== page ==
Psychiatrists are medical doctors, and are the only mental health professionals who prescribe medication. They may or may not be trained to provide therapy in addition to writing prescriptions. In other words, you may rarely actually see a psychiatrist after an initial consultation. Some people rely on combining an MD’s medical treatment with another professional’s talk-focused therapy.

 

 

 

Types of Therapy for Kids

In addition to considering academic credentials, look for a therapist who has special training and experience working with kids. You might also want to find someone who specializes in treating your child’s particular problem — inattention, anxiety, mood disorder, etc.

 

When interviewing a potential therapist, ask what kind of therapeutic approach they use. There are several different kinds of therapy, and many therapists use a combination of approaches. Here are five of the most common ones for kids:

 

Play Therapy

Kids under 12 often express themselves better through play activities than through verbal communication and might benefit from Play Therapy. During the sessions, it may appear that they’re “just” playing games, but therapists are trained to look for clues about how the child communicates, solves problems, and interacts socially.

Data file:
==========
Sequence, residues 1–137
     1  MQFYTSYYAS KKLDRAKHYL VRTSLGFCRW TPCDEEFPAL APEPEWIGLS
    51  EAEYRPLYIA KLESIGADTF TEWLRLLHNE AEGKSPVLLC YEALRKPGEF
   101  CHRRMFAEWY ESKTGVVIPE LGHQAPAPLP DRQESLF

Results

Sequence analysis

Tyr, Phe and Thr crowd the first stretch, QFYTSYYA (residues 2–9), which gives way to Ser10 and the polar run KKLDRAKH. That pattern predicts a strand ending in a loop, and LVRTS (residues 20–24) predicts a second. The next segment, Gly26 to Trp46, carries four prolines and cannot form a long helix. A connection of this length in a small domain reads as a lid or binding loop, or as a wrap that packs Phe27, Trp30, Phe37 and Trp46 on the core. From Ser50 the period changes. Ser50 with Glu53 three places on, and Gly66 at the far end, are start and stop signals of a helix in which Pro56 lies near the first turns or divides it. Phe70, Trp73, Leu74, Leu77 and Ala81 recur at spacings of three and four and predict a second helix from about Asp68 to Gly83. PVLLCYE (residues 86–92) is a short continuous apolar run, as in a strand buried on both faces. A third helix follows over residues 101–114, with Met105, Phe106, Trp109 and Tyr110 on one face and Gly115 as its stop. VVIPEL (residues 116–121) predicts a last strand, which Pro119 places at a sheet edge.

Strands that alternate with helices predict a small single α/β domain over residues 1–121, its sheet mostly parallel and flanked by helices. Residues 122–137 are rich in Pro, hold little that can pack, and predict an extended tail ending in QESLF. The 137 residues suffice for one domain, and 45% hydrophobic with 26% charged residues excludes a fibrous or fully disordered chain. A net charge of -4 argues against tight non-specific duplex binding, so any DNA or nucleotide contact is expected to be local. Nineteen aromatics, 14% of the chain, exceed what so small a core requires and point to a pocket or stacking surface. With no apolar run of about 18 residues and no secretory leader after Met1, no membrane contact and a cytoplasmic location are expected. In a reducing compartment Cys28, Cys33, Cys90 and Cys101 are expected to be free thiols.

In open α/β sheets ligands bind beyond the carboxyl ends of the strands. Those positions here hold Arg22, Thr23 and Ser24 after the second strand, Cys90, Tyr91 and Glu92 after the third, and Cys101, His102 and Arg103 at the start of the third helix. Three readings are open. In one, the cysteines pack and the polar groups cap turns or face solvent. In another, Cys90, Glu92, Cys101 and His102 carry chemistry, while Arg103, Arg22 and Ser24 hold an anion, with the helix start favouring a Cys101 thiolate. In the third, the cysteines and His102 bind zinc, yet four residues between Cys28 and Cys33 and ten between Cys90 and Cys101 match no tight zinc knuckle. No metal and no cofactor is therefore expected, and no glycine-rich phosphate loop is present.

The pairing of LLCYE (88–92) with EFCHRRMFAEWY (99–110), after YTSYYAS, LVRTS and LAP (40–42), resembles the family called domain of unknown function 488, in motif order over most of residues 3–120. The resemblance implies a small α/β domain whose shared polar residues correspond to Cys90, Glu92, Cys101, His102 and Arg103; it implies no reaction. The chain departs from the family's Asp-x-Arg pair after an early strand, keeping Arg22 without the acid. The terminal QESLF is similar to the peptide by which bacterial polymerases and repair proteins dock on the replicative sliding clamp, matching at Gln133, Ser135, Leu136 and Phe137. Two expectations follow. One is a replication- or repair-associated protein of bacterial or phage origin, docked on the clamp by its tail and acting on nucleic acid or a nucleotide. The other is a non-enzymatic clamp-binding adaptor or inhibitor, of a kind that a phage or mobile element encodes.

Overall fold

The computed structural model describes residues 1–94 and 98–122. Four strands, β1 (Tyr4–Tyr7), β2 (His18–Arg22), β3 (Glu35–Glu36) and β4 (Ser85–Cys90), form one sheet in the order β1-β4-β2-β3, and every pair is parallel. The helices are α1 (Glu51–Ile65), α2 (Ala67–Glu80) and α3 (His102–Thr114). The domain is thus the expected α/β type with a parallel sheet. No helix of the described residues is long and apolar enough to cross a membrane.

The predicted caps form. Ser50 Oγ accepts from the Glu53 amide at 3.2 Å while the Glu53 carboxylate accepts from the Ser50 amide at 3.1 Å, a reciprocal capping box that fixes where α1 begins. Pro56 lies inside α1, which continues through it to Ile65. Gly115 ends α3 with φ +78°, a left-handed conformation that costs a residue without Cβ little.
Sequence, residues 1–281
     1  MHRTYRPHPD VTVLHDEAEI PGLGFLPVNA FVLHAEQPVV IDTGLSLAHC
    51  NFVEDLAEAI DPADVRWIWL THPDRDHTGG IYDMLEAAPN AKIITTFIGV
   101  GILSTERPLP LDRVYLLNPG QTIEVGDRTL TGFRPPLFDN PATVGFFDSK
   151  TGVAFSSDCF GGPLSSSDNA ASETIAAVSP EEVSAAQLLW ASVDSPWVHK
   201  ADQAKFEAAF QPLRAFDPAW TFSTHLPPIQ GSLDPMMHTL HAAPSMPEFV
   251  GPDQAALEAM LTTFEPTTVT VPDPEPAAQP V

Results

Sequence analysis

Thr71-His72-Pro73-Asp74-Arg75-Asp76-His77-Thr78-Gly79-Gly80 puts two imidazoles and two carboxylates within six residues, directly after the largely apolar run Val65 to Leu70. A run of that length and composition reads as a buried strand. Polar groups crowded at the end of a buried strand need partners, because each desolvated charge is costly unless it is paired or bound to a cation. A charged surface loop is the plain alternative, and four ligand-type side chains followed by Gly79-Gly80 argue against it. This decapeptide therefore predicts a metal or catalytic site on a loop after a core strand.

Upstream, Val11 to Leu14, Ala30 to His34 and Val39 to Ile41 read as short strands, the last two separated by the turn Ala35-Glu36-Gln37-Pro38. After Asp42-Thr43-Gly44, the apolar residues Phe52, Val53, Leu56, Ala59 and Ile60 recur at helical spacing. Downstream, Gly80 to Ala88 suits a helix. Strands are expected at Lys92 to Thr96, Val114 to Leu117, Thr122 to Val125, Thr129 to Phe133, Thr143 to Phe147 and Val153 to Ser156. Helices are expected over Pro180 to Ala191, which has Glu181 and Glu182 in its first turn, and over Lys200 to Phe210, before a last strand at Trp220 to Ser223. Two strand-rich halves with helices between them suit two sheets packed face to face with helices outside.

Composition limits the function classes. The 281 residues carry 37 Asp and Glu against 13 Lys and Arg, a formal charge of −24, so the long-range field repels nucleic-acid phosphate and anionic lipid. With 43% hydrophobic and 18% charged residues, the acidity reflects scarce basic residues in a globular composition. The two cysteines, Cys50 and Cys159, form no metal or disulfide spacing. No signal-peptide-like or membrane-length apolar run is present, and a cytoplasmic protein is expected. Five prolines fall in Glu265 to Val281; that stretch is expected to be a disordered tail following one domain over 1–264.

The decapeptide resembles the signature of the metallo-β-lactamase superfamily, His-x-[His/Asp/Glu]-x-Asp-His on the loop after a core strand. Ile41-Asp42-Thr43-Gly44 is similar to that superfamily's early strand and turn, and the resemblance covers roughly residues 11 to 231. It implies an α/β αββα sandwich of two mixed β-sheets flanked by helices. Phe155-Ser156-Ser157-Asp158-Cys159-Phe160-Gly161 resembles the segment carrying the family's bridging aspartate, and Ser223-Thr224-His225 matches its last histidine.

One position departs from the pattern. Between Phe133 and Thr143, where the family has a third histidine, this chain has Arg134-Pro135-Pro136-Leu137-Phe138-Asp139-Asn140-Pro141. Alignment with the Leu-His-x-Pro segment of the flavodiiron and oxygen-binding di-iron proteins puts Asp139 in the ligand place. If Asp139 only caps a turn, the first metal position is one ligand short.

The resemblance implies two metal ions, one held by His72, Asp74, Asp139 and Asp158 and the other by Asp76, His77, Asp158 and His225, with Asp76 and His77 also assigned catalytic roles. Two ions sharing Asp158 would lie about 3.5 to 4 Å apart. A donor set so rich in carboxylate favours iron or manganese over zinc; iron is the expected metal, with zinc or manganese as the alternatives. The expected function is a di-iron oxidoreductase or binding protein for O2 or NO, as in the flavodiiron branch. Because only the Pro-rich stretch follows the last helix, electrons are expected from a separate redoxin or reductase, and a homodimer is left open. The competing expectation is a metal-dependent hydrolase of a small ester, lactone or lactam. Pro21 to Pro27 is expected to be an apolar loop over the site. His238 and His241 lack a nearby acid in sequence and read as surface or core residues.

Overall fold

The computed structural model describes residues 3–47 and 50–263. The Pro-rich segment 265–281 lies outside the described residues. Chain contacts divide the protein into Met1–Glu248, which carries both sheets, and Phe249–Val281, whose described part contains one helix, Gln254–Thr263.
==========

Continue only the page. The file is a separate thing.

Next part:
Art Therapy

A picture's worth a thousand words. Art therapy can be perfect for kids with limited vocabularies or who find it challenging or threatening to express themselves verbally in a clinical setting. Creating art in and of itself can be used as a coping strategy to relieve stress, and the therapist helps kids interpret their art to discuss any underlying issues and reflect on the thoughts and feelings the art represents.

 

Behavioral Therapy

Behavioral Therapy focuses on how certain unwanted behavior may be inadvertently reinforced. The goal of treatment is to increase the child’s positive-reinforcing behavior. Behavior modification plans are often utilized to help reward the child for desired behavior.

 

Cognitive-Behavioral Therapy

Cognitive-Behavioral Therapy (CBT) is based on the idea that how you think determines how you feel and behave. Using the cognitive model, the therapist helps the child identify irrational thought patterns and replace them with new, healthy alternatives.

 

Family Therapy

The focus of Family Therapy is on relationship patterns and communication styles among family members. The entire family is considered the “client,” rather than one child being singled out as the “identified patient.”

 

There is much to consider when deciding whether your child needs therapy, but it doesn't need to overwhelm you. All of therapy has the same goal — to help your child feel and function better. There's no one “right” way to do that, so pick one and see how it goes. You can always choose something different later.

 

I'd love to hear your comments, questions, and feedback on this post. Just leave a comment below. For information on how I can help you help your child, click here.